One of the largest and most robust studies to be conducted so far on the effect of contraceptive methods on the risk of acquiring HIV concluded that there were no significant differences among users of any of four popular long-acting contraceptives. This includes DMPA, levonorgestrel, and intrauterine devices.
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The Evidence for Contraceptive Options and HIV Outcomes (ECHO) study compared the following contraception methods: 3-monthly DMPA-IM (intramuscular depot medroxy progesterone acetate), implanted LNG (levonorgestrel) that acts for five years, and a copper-carrying IUD (intrauterine device) that lasts 10-12 years.
In total, 7829 women were randomly assigned to receive one of the four contraceptive methods. The researchers then followed their HIV status for the next 18 months, to determine whether any of the methods increased the risk of HIV infection.
The WHO reports that safe and effective contraception is sought by 214 million women in low- and middle-income countries, including almost half of African women who want to avoid pregnancy. The study could help address this need.
Regardless of the data from the ECHO trial, the limited choice of contraceptives that women have is not OK. We hope that this result will prompt action and put women first. Women want more options beyond DMPA.”
Yvette Raphel, Advisory Member for the Study
Responding to previous research
The ECHO study began in response to repeated reports suggesting that the use of contraceptives using only progestogens, including DMPA-IM, could promote HIV infection in the users. This was based on several observational studies.
For instance, the Lancet published a report citing a two-fold risk of HIV infection among women on this injection. This was followed by a report in the journal Lancet Infectious Diseases (2015) which showed an increased risk of 40% in this group. On the other hand, the researchers also warned of the dangers of unwanted pregnancy.
The current paper includes thousands of active women who were HIV negative at the start of the study and live in countries where HIV is highly prevalent – Eswatini, South Africa, Kenya and Zambia. All of them were willing to use modern contraception. Before receiving any of the contraceptive options, the women were counseled on HIV prevention and treatment, screening and the management of other sexually transmitted infections with their partners. They were also provided with condoms, and late in the trial, with pre-exposure prophylaxis (PrEP, a daily antiviral drug which prevents HIV).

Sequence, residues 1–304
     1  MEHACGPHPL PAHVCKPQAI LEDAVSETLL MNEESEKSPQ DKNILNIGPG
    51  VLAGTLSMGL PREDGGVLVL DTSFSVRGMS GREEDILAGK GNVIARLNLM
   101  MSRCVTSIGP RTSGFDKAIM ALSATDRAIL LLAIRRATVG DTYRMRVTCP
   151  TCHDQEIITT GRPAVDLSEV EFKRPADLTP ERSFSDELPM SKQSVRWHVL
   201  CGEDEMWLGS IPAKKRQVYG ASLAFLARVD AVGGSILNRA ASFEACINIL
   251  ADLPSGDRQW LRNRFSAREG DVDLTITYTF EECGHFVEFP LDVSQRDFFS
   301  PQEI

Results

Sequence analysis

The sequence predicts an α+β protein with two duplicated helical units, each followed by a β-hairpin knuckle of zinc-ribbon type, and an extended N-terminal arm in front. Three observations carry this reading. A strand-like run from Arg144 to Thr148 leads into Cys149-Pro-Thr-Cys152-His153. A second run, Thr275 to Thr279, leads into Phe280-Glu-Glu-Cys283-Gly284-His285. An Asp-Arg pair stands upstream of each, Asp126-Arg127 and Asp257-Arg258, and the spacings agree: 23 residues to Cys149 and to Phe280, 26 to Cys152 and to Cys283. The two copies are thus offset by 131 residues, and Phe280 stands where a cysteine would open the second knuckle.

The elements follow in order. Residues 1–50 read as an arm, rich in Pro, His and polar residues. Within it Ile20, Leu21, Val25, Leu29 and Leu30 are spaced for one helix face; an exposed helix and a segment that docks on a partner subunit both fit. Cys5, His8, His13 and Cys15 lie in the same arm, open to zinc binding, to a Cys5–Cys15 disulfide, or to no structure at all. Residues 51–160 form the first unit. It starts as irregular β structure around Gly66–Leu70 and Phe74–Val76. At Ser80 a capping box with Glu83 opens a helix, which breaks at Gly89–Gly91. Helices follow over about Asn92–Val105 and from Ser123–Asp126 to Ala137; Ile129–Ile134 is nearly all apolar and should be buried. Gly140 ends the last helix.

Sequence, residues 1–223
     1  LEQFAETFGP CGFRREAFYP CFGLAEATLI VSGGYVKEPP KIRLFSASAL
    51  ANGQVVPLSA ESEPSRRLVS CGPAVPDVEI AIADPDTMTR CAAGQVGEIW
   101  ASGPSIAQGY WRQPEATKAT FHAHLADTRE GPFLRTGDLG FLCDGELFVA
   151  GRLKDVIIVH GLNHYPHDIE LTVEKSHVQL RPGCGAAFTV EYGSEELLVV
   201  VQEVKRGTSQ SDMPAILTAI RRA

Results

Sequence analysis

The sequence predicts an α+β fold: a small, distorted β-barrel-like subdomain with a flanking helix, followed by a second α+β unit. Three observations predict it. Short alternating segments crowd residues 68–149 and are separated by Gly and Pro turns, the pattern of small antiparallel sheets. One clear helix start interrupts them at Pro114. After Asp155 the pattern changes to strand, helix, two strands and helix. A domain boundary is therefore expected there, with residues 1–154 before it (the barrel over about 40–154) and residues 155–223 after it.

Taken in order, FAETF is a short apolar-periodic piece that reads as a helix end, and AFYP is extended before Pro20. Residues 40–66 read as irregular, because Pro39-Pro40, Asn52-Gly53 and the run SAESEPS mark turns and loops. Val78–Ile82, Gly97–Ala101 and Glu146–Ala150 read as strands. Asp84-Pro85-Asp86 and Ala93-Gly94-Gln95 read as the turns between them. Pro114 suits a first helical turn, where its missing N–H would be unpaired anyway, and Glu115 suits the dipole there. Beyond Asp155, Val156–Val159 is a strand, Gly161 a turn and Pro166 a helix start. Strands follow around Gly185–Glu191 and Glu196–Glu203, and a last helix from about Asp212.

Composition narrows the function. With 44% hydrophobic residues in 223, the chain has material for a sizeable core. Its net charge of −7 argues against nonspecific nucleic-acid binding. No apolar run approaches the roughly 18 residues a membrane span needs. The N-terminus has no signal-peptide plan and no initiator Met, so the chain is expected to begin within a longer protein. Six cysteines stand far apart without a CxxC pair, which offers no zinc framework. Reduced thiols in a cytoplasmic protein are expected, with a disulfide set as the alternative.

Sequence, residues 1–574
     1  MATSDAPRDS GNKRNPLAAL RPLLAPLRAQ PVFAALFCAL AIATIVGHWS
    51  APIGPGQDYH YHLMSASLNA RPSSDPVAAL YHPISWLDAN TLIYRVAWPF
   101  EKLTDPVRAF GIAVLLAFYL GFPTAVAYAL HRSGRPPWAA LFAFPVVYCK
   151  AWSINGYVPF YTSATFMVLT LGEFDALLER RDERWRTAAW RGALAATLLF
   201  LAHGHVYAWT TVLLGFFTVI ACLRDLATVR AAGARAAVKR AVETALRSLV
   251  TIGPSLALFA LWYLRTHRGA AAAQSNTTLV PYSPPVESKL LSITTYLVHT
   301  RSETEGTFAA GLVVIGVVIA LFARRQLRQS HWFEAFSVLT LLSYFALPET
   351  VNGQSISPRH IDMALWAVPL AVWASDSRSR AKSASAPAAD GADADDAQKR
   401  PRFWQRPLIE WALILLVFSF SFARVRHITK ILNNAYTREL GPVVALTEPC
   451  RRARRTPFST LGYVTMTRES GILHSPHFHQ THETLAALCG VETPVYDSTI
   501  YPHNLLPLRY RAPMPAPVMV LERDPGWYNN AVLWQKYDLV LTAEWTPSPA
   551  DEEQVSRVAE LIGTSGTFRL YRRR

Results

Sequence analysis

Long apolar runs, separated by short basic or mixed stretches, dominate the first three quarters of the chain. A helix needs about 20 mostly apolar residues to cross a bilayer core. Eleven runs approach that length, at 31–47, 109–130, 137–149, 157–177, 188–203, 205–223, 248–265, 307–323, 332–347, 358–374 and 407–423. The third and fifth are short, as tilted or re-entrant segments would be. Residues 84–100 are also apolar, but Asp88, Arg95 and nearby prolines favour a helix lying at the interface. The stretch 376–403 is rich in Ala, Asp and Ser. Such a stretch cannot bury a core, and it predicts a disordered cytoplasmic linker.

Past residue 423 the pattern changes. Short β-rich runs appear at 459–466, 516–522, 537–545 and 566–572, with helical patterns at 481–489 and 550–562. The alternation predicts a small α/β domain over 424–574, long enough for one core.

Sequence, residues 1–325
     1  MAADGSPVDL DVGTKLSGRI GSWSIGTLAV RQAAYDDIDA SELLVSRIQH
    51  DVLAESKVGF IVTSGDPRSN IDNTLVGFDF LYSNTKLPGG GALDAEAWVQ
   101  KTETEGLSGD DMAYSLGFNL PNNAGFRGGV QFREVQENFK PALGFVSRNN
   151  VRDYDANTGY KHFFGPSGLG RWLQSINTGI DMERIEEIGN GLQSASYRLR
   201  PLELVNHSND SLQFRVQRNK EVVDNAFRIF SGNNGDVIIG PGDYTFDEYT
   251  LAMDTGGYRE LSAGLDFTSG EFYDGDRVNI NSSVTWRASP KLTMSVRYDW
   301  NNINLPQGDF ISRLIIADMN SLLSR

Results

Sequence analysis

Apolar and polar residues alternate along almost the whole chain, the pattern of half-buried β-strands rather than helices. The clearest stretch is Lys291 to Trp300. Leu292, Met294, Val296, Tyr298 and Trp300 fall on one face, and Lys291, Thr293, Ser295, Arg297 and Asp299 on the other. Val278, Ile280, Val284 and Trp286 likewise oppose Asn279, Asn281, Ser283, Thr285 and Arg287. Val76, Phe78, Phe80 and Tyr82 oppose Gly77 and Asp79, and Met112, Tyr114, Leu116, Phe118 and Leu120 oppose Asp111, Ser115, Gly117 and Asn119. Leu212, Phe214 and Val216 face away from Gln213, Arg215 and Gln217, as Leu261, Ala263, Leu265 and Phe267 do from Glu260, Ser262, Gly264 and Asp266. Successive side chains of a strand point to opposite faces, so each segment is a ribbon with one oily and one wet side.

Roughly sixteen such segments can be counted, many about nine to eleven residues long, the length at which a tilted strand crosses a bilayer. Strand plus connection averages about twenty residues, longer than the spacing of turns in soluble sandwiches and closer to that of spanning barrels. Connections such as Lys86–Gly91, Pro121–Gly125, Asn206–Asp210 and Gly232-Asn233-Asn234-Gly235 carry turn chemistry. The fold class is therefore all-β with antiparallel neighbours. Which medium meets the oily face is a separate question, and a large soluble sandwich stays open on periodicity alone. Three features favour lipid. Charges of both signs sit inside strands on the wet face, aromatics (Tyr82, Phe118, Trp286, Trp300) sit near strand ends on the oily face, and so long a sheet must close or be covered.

During the 18 months that followed, 92% of the women adhered to the contraceptive plans, and almost 400 HIV infections occurred. These were almost equally distributed among the three groups. The risk was 29% higher for DMPA compared with the LNG implant, but only 10% higher than with the copper IUD. The latter had an 18% higher risk compared with the LNG implant.
Discontinuation rates ranged from 4% to 9% and were highest with the copper IUD. 255 pregnancies occurred, of which almost 30% occurred during the use of the contraceptive method. These results will be reflected in the updated WHO contraception guidelines expected in August 2019.
‘A public health crisis’
The study group showed a disturbingly high incidence of new HIV infections in this low-risk group, almost 4% per year. HIV poses both personal and public health challenges in these countries, with 600 000 new female HIV infections each year. This is especially true for sexually active women under the age of 25 years.
Calling this a “public health crisis”, HIV experts recommend that contraception services should include HIV testing and multiple choices for HIV prevention.
For HIV-positive women, this includes linking to antiretroviral therapy, partner testing, and promoting condom use. Condom use is not acceptable in some places. As a result, women bear the brunt of infection in sub-Saharan Africa, reporting almost 60% of new infections.
Scientists are looking for contraceptives which can be used by women rather than by men, and which stop the HIV virus as well. PrEP is the standard for regions where the reported incidence crosses the WHO threshold of 3%.
After decades of uncertainty, we finally have robust scientific evidence about the potential relationship between hormonal contraception and the risk of HIV from a rigorous randomized clinical trial. [However], the findings are also sobering because they confirm unacceptably high HIV incidence among young African women. “
Helen Rees, Researcher
ECHO Consortium (2019). HIV incidence among women using intramuscular depot medroxyprogesterone acetate, a copper intrauterine device, or a levonorgestrel implant for contraception: a randomised, multicentre, open-label trial. The Lancet. https://doi.org/10.1016/S0140-6736(19)31288-7